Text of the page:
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                                        DAWSON CEMETERY
                Eagle Township, Richland County, Wisconsin USA

Tales The Tombstones Tell - Republican Observer - November 29, 1956

                                                       The Dawson Cemetery

    Located on highway 80, a scant half mile south of the Pleasant Hill school house in the town of Eagle, is the Dawson cemetery, a well kept burying ground.

    The cemetery was surveyed in September, 1881, by James Appleby. It is on the farm, at the time owned by Wm. H. Dawson; and the site was selected as a burying ground by Mrs. Dawson before she died the year previous, her death taking place, so the tombstone records, January 13, 1880. The monument reads:

        "Sacred to the memory of Sarah, wife of W. H. Dawson,
         who fell asleep in Jesus, January 13, 1880"

    Below this is engraved:

        "Think O ye, who fondly languish
         O'er the graves of those ye love,
         While your bosom throbs with anguish,
         They are warbling hymns above.
         While our silent steps are straying
         Lonely through night's deepest shade,
         Glory's brightest beams are playing
         Around this happy distant head."

    Mrs. Dawson was a daughter of William and Charlotte Miller, first white settlers of Hoosier Hollow. She was born in Kentucky, March 24, 1823. In the fall of 1849 she was married to Wm. H. Dawson and a week after the marriage they started for their new home in the wilds of Wisconsin, Hoosier Hollow, being their destination. They came from Indiana with horses and a wagon, camping out along the way and after their arrival at their new home they lived in their wagon until a cabin could be built. And thus it was that the bride of a week began pioneer life in the wilderness. Following her death in 1880, Mr. Dawson was again married to Sarah Rebecca Bobb, a daughter of Peter and Margaret Bobb, who resided on Indian Creek not far from the village of Orion.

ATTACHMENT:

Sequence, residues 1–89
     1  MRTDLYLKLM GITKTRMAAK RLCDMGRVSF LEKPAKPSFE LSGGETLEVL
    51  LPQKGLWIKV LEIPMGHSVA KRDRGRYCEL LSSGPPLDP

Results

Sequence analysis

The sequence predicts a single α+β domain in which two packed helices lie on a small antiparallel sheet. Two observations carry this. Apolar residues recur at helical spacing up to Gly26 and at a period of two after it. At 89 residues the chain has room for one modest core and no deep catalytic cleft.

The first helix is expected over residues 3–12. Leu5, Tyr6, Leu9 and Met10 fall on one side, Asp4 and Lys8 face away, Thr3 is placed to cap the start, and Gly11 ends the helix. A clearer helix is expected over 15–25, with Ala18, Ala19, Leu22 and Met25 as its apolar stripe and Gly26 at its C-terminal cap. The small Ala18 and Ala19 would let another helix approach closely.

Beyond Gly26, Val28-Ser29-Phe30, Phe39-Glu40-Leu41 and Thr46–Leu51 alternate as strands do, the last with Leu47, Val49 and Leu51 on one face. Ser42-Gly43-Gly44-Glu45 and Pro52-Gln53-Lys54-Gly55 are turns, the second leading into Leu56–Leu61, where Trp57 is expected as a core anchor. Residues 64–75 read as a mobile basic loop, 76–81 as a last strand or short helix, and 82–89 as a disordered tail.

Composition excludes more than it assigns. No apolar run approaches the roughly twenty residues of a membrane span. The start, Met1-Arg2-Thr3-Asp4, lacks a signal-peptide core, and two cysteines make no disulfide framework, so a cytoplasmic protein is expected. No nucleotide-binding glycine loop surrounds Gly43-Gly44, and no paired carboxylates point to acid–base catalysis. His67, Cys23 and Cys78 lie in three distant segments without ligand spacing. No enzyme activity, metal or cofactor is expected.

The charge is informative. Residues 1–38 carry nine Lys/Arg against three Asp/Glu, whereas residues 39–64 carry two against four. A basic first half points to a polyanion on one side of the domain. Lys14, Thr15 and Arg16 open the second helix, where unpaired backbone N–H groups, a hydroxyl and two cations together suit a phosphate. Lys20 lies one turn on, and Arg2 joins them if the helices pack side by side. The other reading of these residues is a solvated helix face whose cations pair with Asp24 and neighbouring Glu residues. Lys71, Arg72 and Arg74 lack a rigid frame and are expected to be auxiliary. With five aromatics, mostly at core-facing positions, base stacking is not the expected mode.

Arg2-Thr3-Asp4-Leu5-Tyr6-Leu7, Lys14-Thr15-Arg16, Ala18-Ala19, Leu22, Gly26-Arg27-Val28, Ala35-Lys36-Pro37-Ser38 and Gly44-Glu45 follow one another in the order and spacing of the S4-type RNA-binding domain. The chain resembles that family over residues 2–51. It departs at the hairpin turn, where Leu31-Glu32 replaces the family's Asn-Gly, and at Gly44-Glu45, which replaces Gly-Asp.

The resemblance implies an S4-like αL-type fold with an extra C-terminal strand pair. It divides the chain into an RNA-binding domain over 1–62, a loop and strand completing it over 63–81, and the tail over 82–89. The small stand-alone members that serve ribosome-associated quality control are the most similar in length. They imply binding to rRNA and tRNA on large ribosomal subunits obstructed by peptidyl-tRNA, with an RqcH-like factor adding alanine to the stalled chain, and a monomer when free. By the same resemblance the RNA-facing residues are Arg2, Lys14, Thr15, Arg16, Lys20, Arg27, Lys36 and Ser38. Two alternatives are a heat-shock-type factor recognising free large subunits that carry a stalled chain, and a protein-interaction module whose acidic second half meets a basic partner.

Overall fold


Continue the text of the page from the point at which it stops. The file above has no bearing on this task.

Mr. and Mrs. Dawson resided on the farm in Hoosier Hollow for some time, later moved to the village of Orion where he kept store and served as postmaster of the village. His store, he opened in 1865 and was appointed postmaster the following year and served for many years.

    Mr. Dawson died in November 1899, at the age of 74. His second wife lived upon the farm for quite some time following his death, rented the fields and carried on the management of the place, then moved to California where she resided until her death on February 4, 1939. Her body was brought back and buried on the same lot with Mr. Dawson and his first wife. Upon the same monument is an inscription which reads "Our Bertie, born 1879 and died in 1888." This lad was Bertie Cook, son of Mr. and Mrs. Walter Cook, who lived for many years at Riverview, in the town of Orion. The second Mrs. Dawson was his aunt and the boy, a favorite of Mr. and Mrs. Dawson, spent most of his time at their home. His death was caused by drowning in Mill Creek not far from the Dawson home. The accident caused much gloom in the Dawson and Cook homes. He was buried on the Dawson lot.

     Much could be written in regard to Mr. William H. Dawson. He served in the Civil War, enlisting in July, 1861, as a second lieutenant, went south but after some nine months time became ill and was sent home and after a time recovered and resumed farming. Mr. Dawson, for some reason or other took a great dislike to Secret Societies, providing in his will that upon his death his farm would become the property of an anti-secret society in Chicago. His widow was to have the use of the farm as long as she lived. She rented the land but made no improvements except to the house in which she lived. The barn and sheds fell down from lack of care and the death of the second Mrs. Dawson in California, the estate was probated and the odd provisions of the will carried out, the land going into the hands of the anti-secret society officers, and they sold it to Richland county folks.